CNET considered harmful

In my younger days, I made great use of CNET’s website. It was an excellent tool for finding legal software. Apparently, it has also become an excellent tool for finding malware. An article posted to describes how CNET has begun wrapping packages with an installer that bundles unwanted, potentially malicious software with the desired package.

This is terrible, and not just for the obvious reasons. It’s bad for the free software community because it makes us look untrustworthy. There’s a perception among some people (especially in the business world) that software can only be free if it’s no good. I suppose that’s one reason some in the community use “libre” to emphasize the free-as-in-freedom aspect. (Of course, not all free-as-in-beer software is free-as-in-freedom. That’s another reason the distinction can be important.)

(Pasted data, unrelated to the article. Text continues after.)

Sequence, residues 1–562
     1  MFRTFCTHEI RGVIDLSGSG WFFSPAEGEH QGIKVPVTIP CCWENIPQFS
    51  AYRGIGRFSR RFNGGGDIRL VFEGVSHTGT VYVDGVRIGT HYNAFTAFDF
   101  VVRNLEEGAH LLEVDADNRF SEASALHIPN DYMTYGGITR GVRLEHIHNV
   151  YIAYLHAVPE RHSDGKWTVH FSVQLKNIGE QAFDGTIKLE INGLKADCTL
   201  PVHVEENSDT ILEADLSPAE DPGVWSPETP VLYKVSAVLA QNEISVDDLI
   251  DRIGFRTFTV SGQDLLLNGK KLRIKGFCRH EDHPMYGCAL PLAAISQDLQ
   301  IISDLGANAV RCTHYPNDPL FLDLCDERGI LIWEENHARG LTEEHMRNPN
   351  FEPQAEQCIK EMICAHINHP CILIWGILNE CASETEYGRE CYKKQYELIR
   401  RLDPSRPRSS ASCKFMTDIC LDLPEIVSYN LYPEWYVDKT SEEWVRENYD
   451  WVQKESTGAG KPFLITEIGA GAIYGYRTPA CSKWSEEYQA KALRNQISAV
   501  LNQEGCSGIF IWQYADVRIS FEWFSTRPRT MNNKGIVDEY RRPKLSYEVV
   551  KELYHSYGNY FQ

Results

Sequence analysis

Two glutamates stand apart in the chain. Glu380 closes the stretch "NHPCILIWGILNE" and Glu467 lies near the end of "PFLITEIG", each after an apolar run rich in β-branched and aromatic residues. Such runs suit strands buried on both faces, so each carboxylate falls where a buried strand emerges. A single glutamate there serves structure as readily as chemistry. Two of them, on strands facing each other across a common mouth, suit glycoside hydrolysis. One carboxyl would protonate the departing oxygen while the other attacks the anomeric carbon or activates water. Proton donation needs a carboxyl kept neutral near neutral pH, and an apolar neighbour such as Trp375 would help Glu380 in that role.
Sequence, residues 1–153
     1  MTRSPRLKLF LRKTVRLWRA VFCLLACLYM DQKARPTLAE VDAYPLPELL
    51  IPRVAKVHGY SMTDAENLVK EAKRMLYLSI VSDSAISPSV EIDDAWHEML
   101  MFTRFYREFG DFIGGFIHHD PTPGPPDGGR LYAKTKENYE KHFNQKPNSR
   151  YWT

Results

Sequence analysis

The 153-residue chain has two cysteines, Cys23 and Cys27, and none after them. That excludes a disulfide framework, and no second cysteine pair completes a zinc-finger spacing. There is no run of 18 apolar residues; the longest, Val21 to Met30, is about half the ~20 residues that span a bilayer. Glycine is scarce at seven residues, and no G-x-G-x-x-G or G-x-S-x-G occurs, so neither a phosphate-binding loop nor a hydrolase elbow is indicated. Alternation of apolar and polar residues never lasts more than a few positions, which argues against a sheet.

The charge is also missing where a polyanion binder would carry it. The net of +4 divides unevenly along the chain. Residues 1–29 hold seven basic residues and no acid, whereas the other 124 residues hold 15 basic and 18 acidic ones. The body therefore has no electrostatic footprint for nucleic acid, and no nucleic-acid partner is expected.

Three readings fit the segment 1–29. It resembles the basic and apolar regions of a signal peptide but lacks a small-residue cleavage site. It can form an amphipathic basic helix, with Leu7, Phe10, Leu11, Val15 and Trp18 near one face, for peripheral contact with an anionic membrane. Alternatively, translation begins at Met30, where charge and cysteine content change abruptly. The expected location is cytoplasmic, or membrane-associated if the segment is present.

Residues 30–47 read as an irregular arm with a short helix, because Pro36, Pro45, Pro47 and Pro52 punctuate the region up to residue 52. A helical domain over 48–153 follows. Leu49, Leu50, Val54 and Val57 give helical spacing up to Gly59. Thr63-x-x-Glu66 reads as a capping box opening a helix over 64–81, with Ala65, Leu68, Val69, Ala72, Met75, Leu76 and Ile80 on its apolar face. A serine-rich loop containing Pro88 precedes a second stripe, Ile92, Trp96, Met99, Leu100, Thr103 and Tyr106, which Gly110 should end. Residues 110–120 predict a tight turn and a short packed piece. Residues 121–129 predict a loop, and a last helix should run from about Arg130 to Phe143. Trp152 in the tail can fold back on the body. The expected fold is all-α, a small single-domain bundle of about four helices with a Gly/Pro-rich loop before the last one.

When this conveniently-bundled malware causes problems for users, it’s not CNET who gets the blame. Users will unfairly blame the package developer, even though the developer had nothing to do with it. For well-established and well-respected packages like nmap, this reputation damage may not be that important. For a new project just getting started — or for the idea of free software in general — this can be devastating.

3 thoughts on “CNET considered harmful

  1. Ernie, that’s a great question. I’ve not used either of those sites, but the page explicitly lists both of them as “superior alternatives” to, so they’re either not doing it or they haven’t been caught doing it.

  2. I’ve used both Ninite and FileHippo – definitely worthwhile. I’ve never had any problems with anything download from them. Ninite is a fully automated installer and does not install any extras that the developer offers either (toolbars and other junk).

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